A tentative agreement was reached in New York Thursday to avert a strike that threatened to shut most Broadway shows, as Hollywood remains on hold over historic industrial action.
The International Alliance of Theatrical Stage Employees (IATSE), which represents the 1,500 stagehands and other backstage workers involved in the dispute, had begun the process of voting on a walkout.
But the union reached agreement with Disney Theatrical and industry trade group the Broadway League, which represent theater owners and producers, the parties said in a joint statement.
The contract still needs to be ratified by IATSE’s rank-and-file and will be put to members in the coming days, the statement added.
“The strike has been averted, though the contract must be approved by the membership,” said union spokesman Jonas Loeb.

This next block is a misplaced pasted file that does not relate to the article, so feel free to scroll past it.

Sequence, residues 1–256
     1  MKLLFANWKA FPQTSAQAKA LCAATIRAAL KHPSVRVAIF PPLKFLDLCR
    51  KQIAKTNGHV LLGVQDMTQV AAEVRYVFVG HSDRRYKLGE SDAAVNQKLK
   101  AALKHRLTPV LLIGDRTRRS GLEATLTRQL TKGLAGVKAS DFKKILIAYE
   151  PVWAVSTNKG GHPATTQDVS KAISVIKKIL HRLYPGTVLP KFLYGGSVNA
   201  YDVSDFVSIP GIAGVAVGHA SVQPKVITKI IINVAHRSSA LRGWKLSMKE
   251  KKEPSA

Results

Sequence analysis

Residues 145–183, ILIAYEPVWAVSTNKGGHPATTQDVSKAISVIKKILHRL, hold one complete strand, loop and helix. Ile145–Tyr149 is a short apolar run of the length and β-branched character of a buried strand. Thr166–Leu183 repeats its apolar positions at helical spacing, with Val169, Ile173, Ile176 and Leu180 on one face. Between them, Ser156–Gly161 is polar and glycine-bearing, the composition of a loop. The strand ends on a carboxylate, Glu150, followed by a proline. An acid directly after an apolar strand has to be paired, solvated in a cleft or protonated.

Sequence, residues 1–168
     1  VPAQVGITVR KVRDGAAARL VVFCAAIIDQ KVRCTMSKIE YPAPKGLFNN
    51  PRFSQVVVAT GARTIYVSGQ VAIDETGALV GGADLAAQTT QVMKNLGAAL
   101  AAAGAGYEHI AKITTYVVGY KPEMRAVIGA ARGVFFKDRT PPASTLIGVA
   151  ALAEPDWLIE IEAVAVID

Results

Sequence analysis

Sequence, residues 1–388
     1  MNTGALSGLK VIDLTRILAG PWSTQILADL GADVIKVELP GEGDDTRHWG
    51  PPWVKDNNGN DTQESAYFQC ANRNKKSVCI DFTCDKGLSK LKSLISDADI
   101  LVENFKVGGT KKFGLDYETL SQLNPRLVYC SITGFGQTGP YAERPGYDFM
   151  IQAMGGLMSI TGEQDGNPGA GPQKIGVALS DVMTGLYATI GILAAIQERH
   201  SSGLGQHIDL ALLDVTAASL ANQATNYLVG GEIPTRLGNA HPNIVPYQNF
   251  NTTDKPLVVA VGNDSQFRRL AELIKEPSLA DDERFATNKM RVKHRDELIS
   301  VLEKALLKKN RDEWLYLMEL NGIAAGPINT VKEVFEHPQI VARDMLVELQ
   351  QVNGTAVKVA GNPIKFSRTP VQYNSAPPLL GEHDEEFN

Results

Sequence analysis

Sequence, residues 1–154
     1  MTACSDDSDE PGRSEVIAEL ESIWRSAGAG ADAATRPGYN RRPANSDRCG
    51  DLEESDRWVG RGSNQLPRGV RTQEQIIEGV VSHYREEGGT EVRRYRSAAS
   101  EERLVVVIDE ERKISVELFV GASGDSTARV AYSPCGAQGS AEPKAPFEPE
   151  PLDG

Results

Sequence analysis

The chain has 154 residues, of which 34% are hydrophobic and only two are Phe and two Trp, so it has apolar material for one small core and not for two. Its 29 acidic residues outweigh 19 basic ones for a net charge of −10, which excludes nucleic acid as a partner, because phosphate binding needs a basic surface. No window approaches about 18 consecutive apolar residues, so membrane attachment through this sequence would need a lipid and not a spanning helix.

The deal was reached after IATSE on Wednesday authorized a vote on whether to strike that was expected to take a couple of days.
US media reported that any action would have disrupted New York’s famous theater district from Friday, delivering a blow to the city’s economy during the summer tourist season.
If approved, the walkout was expected to close 28 shows in the Big Apple and 17 performances that are currently touring the United States and Canada.
There are presently about 30 Broadway shows running, according to ticket websites.
The strike threat came as the first industry-wide walkout in more than 60 years has effectively shut down Hollywood, America’s giant movie and television business.
Around 160,000 movie and television actors walked off the job last week after negotiations to reach a deal with production studios ended without agreement.
They joined several thousand writers who have been on strike for weeks.
Broadway grossed $1.6 billion in revenues with more than 12.3 million tickets sold in its 2022-23 season that ended in May, according to the Broadway League.